01 July 2013
GENEVA - The Global Fund to Fight AIDS, Tuberculosis and Malaria said today that new guidelines set by the World Health Organization will accelerate efforts to end HIV as a threat to public health.
By simplifying first-line treatment with a once-a-day fixed-dose combination, and by making a first-line regiment of treatment the same for all categories of people who need treatment, the Global Fund said that the guidelines should be extremely useful for countries developing simplified and more effective first- and second-line regimens. That will increase the potential to save lives and deliver better value for money.
In addition, by encouraging earlier treatment, the guidelines make global guidance equitable while retaining flexibility for countries to prioritize for those in greatest need. Earlier treatment can have a clinical benefit for HIV-positive people and can also reduce new infections.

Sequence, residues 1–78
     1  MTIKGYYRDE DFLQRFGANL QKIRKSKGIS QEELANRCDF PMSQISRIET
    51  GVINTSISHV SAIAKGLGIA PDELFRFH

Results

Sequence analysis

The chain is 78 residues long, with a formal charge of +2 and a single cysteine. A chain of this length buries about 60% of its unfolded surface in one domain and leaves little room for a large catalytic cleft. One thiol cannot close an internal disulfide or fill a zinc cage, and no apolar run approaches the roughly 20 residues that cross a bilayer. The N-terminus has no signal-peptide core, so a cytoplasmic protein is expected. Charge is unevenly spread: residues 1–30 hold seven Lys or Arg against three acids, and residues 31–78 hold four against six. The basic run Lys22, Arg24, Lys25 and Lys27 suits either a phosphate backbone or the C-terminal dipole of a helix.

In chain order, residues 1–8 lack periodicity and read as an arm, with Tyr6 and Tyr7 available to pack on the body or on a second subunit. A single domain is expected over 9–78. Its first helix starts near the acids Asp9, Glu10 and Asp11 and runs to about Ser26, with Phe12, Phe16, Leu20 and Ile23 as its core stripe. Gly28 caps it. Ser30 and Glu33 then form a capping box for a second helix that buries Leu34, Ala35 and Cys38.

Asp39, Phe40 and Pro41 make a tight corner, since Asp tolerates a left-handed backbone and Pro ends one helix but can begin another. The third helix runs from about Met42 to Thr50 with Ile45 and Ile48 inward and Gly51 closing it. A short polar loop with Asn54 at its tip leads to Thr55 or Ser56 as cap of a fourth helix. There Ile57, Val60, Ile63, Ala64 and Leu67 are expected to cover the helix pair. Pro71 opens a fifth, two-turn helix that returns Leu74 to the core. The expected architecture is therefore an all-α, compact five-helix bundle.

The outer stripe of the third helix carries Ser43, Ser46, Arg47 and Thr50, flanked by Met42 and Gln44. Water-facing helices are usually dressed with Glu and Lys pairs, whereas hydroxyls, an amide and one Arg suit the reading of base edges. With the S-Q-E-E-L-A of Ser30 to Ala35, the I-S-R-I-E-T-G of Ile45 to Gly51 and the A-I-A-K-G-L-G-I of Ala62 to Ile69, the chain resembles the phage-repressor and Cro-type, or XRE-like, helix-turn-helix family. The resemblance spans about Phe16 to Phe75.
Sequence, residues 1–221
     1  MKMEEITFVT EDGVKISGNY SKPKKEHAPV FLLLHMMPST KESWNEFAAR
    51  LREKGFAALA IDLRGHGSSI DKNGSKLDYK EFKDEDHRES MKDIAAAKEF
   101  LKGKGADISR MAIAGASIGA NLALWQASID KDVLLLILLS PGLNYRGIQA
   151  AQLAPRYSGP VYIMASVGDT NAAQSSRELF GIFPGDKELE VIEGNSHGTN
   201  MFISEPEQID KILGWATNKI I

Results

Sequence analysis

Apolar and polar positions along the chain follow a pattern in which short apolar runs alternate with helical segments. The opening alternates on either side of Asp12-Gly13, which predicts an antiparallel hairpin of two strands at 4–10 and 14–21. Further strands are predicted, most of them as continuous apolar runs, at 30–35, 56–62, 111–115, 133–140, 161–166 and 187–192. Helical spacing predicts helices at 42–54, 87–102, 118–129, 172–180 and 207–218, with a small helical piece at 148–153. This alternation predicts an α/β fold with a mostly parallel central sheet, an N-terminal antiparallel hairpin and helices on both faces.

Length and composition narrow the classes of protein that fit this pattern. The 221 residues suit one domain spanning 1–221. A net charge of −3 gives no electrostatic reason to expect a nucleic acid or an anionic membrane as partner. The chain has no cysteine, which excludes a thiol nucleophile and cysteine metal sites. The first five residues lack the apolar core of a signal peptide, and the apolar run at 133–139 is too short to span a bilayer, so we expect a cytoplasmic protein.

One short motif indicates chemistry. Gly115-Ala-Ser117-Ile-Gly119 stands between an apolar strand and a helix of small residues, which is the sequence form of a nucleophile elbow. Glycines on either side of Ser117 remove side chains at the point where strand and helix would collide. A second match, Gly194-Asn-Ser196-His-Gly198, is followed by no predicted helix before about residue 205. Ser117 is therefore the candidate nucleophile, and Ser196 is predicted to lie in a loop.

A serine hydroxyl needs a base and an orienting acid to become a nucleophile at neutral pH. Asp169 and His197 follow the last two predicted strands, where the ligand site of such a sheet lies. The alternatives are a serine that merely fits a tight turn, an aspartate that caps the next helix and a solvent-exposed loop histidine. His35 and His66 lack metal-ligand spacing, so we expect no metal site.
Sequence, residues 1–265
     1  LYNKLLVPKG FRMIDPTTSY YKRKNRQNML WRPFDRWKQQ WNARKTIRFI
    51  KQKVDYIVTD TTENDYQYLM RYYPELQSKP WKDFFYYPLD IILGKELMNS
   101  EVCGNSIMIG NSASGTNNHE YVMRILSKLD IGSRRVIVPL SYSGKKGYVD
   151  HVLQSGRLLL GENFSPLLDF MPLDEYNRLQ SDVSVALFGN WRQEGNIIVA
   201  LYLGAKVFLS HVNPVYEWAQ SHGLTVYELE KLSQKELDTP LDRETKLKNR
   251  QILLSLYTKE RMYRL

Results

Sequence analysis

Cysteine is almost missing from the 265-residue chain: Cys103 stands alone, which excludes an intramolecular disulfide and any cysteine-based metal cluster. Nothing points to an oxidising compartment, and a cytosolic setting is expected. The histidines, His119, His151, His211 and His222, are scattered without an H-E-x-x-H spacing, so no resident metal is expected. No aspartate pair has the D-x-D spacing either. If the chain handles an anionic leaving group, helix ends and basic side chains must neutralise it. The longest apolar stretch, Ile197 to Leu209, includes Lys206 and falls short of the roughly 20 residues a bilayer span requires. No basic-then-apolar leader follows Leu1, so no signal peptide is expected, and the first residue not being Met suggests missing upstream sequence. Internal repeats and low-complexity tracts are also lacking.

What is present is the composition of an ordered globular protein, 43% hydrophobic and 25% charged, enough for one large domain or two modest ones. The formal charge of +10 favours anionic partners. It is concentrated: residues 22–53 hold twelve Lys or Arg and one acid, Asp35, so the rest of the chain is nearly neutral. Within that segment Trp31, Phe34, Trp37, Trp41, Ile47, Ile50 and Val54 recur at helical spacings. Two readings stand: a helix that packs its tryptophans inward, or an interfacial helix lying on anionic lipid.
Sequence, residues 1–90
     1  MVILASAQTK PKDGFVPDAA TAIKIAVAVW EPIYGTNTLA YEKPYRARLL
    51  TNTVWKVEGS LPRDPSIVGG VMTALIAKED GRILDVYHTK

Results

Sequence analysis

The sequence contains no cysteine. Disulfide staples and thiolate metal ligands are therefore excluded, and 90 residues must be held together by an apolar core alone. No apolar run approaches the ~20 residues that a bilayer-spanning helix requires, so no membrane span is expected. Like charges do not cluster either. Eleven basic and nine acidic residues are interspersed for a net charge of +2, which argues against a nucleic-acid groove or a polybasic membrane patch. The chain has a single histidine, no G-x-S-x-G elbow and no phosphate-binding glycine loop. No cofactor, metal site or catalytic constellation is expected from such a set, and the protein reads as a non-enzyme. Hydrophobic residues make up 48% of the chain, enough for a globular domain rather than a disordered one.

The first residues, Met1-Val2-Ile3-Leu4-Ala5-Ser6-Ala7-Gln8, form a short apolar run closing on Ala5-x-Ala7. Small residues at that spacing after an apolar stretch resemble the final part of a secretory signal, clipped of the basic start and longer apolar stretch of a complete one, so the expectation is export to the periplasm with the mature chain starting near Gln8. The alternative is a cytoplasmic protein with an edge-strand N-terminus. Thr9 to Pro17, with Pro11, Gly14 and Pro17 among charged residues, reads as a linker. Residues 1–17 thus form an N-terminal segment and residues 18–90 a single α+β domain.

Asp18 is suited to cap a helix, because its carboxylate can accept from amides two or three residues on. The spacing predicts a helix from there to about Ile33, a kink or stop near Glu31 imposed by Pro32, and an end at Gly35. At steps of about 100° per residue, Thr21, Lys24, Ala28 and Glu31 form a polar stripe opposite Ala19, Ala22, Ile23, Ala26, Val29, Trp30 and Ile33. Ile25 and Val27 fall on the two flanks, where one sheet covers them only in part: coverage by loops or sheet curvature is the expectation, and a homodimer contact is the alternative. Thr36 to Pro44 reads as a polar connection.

"We're really pleased that WHO is taking this important step," said Mark Dybul, Executive Director of the Global Fund. "It will support countries to design their programs and develop their own approaches to fighting their unique epidemic including addressing hot spots with high transmission."
The new recommendations encourage all countries to initiate treatment in adults living with HIV when their CD4 cell count falls to 500 cells or less - when their immune systems are still strong. The previous WHO recommendation, set in 2010, was to offer treatment at 350 CD4 cells or less.
The new recommendations also include providing antiretroviral therapy for all children with HIV under the age of five, all pregnant and breastfeeding women with HIV, and all people living with HIV who are in relationship with a partner who is uninfected, no matter what their CD4 cell count is.